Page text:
GSHPA: What are some ways you can recommend participating in the Girl Scouts as a volunteer? 

CHLOE: There are so many ways to volunteer with Girl Scouts. I think the best way to volunteer is to go through the Girl Scouts webpage.  Troops need help with field trips, cookie sales, and sometimes guest speakers for badges.  It’s also nice to give advice to younger Girl Scouts who are looking to work for a Gold Award.  

GSHPA: If you have any particular hobbies that you would like to share, we would love to hear about them! 

CHLOE: 

  • I love creative writing. It is one of my favorite things to do.  
  • I also exercise every day; I love lifting and yoga especially. My goal is to learn Titthibasana  
  • I play the piano for fun and am currently teaching myself the Ukulele.  

Written by Cathy Hirko

SPOTLIGHT: Happy Mayday!

Have you ever heard of May Day? May Day is a public holiday usually celebrated on the first of May. It is an ancient festival of spring and a current traditional spring holiday in many European cultures. Do you enjoy dancing? Singing? How about eating sweets? Then you will love May Day traditions!

In the 19th and 20th centuries people would create May Day baskets to leave at their neighbor’s doorsteps. They were often handmade paper baskets or cones, filled with flowers and sweet treats. The idea was to go to the door of a neighbor, often where a child or significant other lived, leave the basket on the step, knock on the door and then run away yelling “May Basket!”.

Since May Day is all about the arrival of spring, there are lots of fun ways to celebrate! One such way is to dance and sing outside! Some people even dance around a maypole. A maypole is a tall pole, usually made of wood, that has long ribbons connected to it. Everyone grabs a ribbon and dances around the pole in a circle. After some time the ribbons are wound around the pole and create a beautiful wrap! Maypoles were a part of many European folk festivals, and they are still sometimes used in parts of Europe and the Americas today!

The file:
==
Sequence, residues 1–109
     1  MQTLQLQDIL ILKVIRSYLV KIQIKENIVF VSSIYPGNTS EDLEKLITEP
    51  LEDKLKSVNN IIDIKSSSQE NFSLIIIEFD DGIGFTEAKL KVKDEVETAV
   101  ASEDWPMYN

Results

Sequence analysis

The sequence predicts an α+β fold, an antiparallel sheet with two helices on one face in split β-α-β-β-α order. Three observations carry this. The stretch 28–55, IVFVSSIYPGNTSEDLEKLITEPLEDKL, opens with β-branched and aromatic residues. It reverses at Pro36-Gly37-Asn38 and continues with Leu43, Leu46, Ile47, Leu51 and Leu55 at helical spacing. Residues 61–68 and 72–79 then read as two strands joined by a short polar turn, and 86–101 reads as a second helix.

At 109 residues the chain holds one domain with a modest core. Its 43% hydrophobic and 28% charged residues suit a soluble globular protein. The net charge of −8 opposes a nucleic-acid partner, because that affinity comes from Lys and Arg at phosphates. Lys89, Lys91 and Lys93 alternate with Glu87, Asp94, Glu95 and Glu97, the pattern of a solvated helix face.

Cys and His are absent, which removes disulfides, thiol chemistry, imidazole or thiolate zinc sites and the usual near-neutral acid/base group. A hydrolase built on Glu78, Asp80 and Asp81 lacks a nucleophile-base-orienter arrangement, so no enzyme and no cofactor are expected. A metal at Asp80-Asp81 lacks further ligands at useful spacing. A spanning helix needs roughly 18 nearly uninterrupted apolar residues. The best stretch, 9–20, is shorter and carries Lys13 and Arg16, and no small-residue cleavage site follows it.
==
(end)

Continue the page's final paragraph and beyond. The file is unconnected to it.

Here are more ways to celebrate May Day…

  1. Light a bonfire. Always build fires with an adult present and remember your campfire safety tips!
  2. Gather wildflowers and green branches and decorate your house. Traditionally this was called “Bringing in the May”. You can take beautiful blooms and green items from outside and spread them around your home. Consider putting them in jars or vases.
  3. Make and dance around your own maypole. Get creative! If you don’t have the ability to make or use an actual pole, consider tying some ribbons to a bush instead.
  4. Make a flower crown! Gather flowers with long stems and weave them together in a circle to create a crown.
  5. Take off your shoes and go outside! This is called “grounding” and is a great way to connect with nature. Take a few deep breaths. Feel the sun on your skin and the wind in your hair. What do you hear? Birds? A barking dog down the street? Nothing?
  6. Leave a May Basket for your neighbors, just like they did in the 19th and 20th centuries. Follow these directions to make a May Day Basket Cone

Now that you know more about May Day, consider celebrating every year. WELCOME SPRING!


Written by Jess Delp